It spread quite extensively till it came to Two women were added to the church
the test of rather sharp persecution ; in Hasskeuy last Sabbath, both of whom but when ecclesiastical rulers began to were awakened by the Holy Spirit about summon the followers of the new doca year ago. Thirteen individuals have trines into their dread presence, and to been added to this church during the command them to give up their books year 1856, four of whom were from the under penalty of being disowned by female boarding school. Others from their parents and being dismissed from this school joined the church in Con- employment by which they earned their: stantinople, or in Pera.
bread; and when these threats, in a numNew Movement by a Bishop.
ber of cases, were put in execution, one
portion of the newly awakened turned About two months ago, the bishop of back, while another portion were led to Hasskeuy commenced a Turkish service take a more open and decided stand on
the side of the truth. The result was ceived to the church at Smyrna, and Mr. the addition of thirteen names to the
Dodd communicates some interesting par. Protestant roll. Most of them are heads
ticulars respecting the individuals. Two of families, substantial men, intelligent the other a young married man, named
were Armenians,-one an old man of sixty, mechanics. The whole aspect of the
Hagob, “of quite a respectable family and work in Marsovan is promising. So engaged in a profitable business.” To him, many and pressing are the calls for labor since he joined the Protestant community,
several months since, “the truth has seemed there, that we have recently, in answer
to be as cold water to a thirsty soul. He has to Baron Hohannes' earnest entreaty, sent
seemed to receive it as fast as he heard it, on a native brother from this place, to
his heart being opened, as was Lydia's, from help him in the work. The place of wor- the first. He is likely to be a strong and ship now in use, though one of the larg- useful Christian.” est rooms in all Marsovan, is quite too strait for the audience. They much need
An Albanian Convert. a church edifice.
Of the third individual, who seems to give I have lately returned from a visit to promise of much usefulness, Mr. Dodd writes: Baghchejuk. The scenes witnessed He is an Albanian by birth, named there-religious conversation on every Christophor, and we hope the Lord has man's tongue; frequent meetings char-called him to be useful in his vineyard. acterized by most earnest and solemn He was born and brought up on the attention; and new cases of religious shores of the Adriatic, in the ancient awakening and conversion reported from Illyricum. At the age of sixteen, he time to time---strongly remind one of an went to the university at Athens, where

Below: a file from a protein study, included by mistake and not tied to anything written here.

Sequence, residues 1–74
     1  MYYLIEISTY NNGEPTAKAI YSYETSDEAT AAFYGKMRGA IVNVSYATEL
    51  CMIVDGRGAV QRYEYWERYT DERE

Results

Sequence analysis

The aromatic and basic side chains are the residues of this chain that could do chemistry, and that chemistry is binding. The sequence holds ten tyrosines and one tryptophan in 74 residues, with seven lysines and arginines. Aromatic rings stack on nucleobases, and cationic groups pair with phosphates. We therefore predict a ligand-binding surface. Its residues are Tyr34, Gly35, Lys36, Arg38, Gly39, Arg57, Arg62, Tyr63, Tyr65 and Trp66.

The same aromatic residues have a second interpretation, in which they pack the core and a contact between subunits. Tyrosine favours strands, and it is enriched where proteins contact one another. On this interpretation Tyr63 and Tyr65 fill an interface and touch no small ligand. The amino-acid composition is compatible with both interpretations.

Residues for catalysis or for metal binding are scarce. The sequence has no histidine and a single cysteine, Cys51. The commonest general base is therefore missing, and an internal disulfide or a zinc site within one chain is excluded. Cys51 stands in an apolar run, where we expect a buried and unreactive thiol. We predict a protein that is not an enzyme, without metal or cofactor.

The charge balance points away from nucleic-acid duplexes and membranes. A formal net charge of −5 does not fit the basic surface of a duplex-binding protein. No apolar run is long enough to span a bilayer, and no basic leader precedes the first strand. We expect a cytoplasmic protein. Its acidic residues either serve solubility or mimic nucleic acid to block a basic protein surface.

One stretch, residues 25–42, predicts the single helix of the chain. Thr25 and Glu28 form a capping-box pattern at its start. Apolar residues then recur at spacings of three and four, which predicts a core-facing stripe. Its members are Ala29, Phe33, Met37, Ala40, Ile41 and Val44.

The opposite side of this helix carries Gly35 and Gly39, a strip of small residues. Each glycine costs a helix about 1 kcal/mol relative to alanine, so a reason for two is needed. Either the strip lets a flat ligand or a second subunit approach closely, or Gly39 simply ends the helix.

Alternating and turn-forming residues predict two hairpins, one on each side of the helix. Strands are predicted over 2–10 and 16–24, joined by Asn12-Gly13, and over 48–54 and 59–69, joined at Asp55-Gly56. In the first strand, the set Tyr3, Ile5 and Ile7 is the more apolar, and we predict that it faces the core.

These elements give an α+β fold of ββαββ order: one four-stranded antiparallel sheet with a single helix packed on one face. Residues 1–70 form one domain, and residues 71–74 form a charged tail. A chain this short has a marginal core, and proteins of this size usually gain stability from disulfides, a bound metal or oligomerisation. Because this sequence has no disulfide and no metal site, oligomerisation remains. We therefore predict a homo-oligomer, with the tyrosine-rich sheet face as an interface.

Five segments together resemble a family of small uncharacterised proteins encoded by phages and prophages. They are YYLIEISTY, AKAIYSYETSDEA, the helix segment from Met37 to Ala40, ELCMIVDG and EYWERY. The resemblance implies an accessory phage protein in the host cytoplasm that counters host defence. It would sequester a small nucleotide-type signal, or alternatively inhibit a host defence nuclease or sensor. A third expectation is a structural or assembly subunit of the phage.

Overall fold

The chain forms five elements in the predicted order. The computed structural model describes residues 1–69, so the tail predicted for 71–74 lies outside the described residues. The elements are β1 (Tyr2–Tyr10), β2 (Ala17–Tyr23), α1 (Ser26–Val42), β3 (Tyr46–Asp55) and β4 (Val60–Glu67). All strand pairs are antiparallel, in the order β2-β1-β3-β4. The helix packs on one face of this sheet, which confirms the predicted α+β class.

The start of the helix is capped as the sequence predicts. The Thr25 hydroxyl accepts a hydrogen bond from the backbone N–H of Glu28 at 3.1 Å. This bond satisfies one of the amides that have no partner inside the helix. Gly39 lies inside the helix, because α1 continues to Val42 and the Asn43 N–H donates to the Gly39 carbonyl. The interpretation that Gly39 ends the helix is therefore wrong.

nerica evival. The coffee shops, those he spent six years, after which he was notorious haunts of the careless and the nearly ten years in government employ. worthless, are turned into bethels. Even ment at Trieste, whence he came hither there the word of God is publicly read, nine months ago. He was brought up and the voice of prayer is heard. All in the Greek faith ; but while at Athens, this is in a place where but yesterday, as his education not agreeing well with it seems to us, no man dared, by word belief in such superstitions, and knowor sign, to intimate any fellowship with ing nothing more reasonable, he became Protestant doctrine or Protestant men; an infidel, a deist, and so remained durand where the few whose hearts God had ing his academical course. While at touched, were obliged to go out into the Trieste, however, his conscience did not forests, on the mountain's side, to hold let him rest. His soul was feeling after communion with each other and with the something better than cold theism. He Master, in social prayer; and were fol- began first to read Greek theological lowed even then by enemies armed, and writers, hoping to find some reason for determined (as has since been confessed) their faith, but could not. The books to put them to death if they were found. were filled with abstractions. He then Some of these men now preach the gos- turned to Roman Catholic writers, and pel which they once sought to destroy. searched them, but found them still more Such evidences of the power of the divine unsatisfactory. At last, after years of Word and Spirit may well put fresh cour- melancholy, he found Protestant books, age into our hearts, if at any time they and reading them, began to hope that he become faint.
had secured some food for his hungry
soul. When he came here, he was SMYRNA.
pretty well satisfied as to the authority LETTER FROM MR. DODD, JANUARY 7, of revelation and the truth of Protestant 1857.
doctrines, and soon after deliberately THREE new members had just been re- and seriously determined to adopt the
Protestant faith. This was before see- sionary of the cross and a translator of the
Bible for the millions who use the Arabic ing the face of a missionary, or conversing with an evangelical Christian. He language, to higher joys and higher service.
The mission mourns; the Christian commusoon came to see Mr. Ladd, had many
nity of the world is afflicted; for not only has conversations with him, began to attend a good man been removed from earth, but a our service, and after several months, work which seemed, to human view, of the desired to make a public profession of
utmost importance, is interrupted; a transhis faith and be admitted to the ordi
lator of God's word, whose place it will be by nances of Christ's house.
no means easy to supply, has been removed
in the midst of his labors, and when many delay, and a full examination, being well
were looking with the deepest interest for the satisfied of his piety, we received him last completion of his most valuable work. But Sabbath.
God himself has taken him, and he makes no For several months he has expressed
mistakes. Over all the interests of his word
and his work on earth he watches, and for all a strong interest in the salvation of his
he will provide. people, the Albanians; desiring missionaries to be sent to them, and expressing
Letter from Mr. Ford. a readiness to accompany them in any It is remarkable that no extended commucapacity in which he could be useful, nication in regard to Mr. Smith's sickness though he is now profitably and honora
and death has been received at the Missionary bly employed in the Austrian consulate